Frances Frumin Weiner, 77, of West Hartford, Connecticut, died peacefully at home on Sunday, May 9. The cause of death was pancreatic cancer. She leaves a sister, Marlene Schwartz (Richard) of West Bloomfield, Michigan; four children: Jennifer (Bill) of Philadelphia; Molly (Jeff), Jake (Maurine) and Joe (Dixie), all of Los Angeles; a stepson, David in Denver; six grandchildren: Olivia, Lucy, Ben, Phoebe, Emilia and Dottie; her dog, Lincoln; and her loving wife and partner of eighteen years, Clair Kaplan. She also leaves behind three quarts of expired sour cream, fourteen pairs of activity-specific sneakers, and the Sunday New York Times opened and folded to the crossword puzzle. Fran was born on May 22, 1943, in Detroit, Michigan, to Herman and Faye Frumin. She grew up in Detroit, where her independent spirit was evident from an early age. She flaunted her school's dress code (it required skirts; Fran preferred pants or her Halloween cowgirl costume) and loved riding her bike to the library. She graduated from Mumford High School, where she played field hockey, basketball and tennis, a sport she would enjoy for the rest of her life. At the University of Michigan, she majored in anthropology, traveled solo through Mexico and Europe, to the consternation of her parents, who only heard from her when she needed money. After graduation, Fran taught middle school social studies and history in Detroit. She married Lawrence Weiner in 1968 and moved to DeRidder, Louisiana, where Larry served in the Army. In 1973, Fran and Larry moved to Connecticut. They lived in Weatogue and West Simsbury. Fran joined two book clubs, and would maintain her membership for the next forty-plus years. In all those years, she never left a book club book unfinished. Fran loved to swim in lakes and ponds and the ocean. When open water wasn't available, she would do a daily mile-long swim at the West Hartford JCC. You would always know Fran had been there by the cloud of talcum powder on the floor of the ladies' dressing room. When her youngest child started kindergarten, Fran went back to work as a teacher at the Woodstock School and Day Treatment Center, where she taught social studies, history, and occasionally phys ed. to children. Rather than being the stereotypical 'helicopter parent,' Fran was a good-natured zeppelin, floating at a benevolent distance, allowing her children to figure things out for themselves. Fran loved all kinds of music. She introduced her kids to everything from bluegrass to zydeco to klezmer to Pete Seeger and Arlo Guthrie, and took them on trips to see musicals in New York City. She once tried her hand at country music and composed a song called "Stranded on the Sidelines of Life." She was an accomplished cook who taught her children to be adventurous eaters. When Fran would visit her kids at college, she would insist on attending classes with them. She was a student all her life, taking classes at Central Connecticut State University and eventually earning a Master's degree. For years, she would audit classes at Central or the University of Connecticut, expanding her knowledge on subjects from literature to religion to the Middle East. She also attended a weekly discussion group devoted to the New Yorker. Fran was good-natured, cheerful and accepting. She would tell her kids, "It's all material!" an assertion she might have regretted when her oldest daughter grew up to be a novelist. There was no prouder parent than Fran when her daughter published her first novel. Fran accompanied Jenny on book tour, and would happily dispense recommendations during visits to book stores ("Have you read the new Richard Russo? It's great!"). Fran and Larry's marriage ended in 1989. In 1994, Fran fell in love with a woman, thus ensuring that at every family gathering her kids would page through old photo albums, looking for signs and wondering what they'd missed. In 2003, Fran welcomed her first grandchilden, and met the love of her life, Clair Kaplan. Fran retired in 2006. She and Clair would spend eighteen years together, traveling, bickering, going to theater and to museums, hosting parties AND visiting with grandchildren. Fran was an active grandmother, and was always happy to get on her bike or lace up her ice skates or climb on a sled to join her grandchildren, or to take them, swimming, clamming, or hunting for cranberries. Fran will be remembered for her boundless good cheer, her optimism, her serene, accepting attitude, and her distinctive fashion aesthetic, which could be described as "color-blind pre-schooler." She was also famously frugal. Instead of stopping for meals during road trips, she'd pack a cooler full of food, always including hard-boiled eggs, which would fill the car with their sulfurous reek. On outings, she'd pack a "feed bag", its contents included, but were not limited to, several bruised apples, packaged sandwiches that were relics from the school lunches of Fran's teaching days, a jar of peanut butter with a spoon, and at least one unrefrigerated yogurt. Fran traveled the world, from Florida to Belize to Mexico; from Iceland to St. Barth's to Montana to Hawaii, but the Outer Cape was special to her. In 2020, Fran and Clair moved to West Hartford. Fran continued to play bridge and pickleball and attend her book clubs and her classes. During the year of the pandemic, Fran and Clair would Facetime with Emilia and Dottie, reading them Sandra Boynton books. Fran and Clair were finally home enough to adopt a dog and Lincoln, an elderly rescue dog, joined their household. Lincoln enjoyed a life of nonstop affection and romps on the beaches of Truro. He was in Fran's lap or by her side, keeping a watchful vigil during her final days and hours. To honor Fran's memory, please consider a donation to Planned Parenthood or Dog Star rescue, or the charity of your choice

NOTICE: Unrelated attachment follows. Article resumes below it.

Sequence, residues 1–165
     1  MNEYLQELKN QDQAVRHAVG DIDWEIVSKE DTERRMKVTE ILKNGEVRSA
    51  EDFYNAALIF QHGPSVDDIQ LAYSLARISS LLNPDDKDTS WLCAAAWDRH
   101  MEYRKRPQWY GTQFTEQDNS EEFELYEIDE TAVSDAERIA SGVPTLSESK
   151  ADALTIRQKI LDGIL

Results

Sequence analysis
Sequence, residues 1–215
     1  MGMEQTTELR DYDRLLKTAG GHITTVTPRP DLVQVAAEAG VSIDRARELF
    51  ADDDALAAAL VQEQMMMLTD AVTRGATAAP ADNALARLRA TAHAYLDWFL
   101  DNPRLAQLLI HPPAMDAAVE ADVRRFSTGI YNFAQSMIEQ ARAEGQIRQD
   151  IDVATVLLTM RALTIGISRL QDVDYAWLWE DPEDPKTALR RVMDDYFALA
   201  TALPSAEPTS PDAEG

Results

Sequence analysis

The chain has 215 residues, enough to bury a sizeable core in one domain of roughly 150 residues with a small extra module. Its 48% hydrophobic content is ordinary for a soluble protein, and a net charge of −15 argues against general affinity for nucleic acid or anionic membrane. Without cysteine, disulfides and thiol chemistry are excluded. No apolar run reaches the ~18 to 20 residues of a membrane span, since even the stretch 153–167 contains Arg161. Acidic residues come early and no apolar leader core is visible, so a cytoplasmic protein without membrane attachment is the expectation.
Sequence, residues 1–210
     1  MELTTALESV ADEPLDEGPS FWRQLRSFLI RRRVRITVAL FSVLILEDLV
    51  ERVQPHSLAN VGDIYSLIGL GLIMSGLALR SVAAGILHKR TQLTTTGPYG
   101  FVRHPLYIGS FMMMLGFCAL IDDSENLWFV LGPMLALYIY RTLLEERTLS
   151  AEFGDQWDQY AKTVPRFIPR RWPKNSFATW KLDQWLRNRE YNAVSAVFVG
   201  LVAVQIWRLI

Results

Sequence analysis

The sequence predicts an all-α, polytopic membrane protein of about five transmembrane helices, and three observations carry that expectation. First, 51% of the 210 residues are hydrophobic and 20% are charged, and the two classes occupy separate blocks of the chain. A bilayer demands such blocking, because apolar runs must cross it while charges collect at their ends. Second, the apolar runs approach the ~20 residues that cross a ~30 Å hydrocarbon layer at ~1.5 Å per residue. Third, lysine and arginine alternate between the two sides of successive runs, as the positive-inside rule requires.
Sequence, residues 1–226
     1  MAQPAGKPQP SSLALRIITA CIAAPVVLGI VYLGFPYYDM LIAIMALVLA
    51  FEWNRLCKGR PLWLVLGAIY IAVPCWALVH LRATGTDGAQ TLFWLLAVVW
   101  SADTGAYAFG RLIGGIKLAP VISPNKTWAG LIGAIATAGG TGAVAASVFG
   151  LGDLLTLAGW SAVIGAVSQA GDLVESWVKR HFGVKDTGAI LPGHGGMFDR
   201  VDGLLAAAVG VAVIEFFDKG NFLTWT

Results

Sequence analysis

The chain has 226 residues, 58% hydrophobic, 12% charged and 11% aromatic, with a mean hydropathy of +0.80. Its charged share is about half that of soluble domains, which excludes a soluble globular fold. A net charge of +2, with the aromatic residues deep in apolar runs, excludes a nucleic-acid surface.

, or remember her when you pet your dog, hug your grandchildren, or read a good book.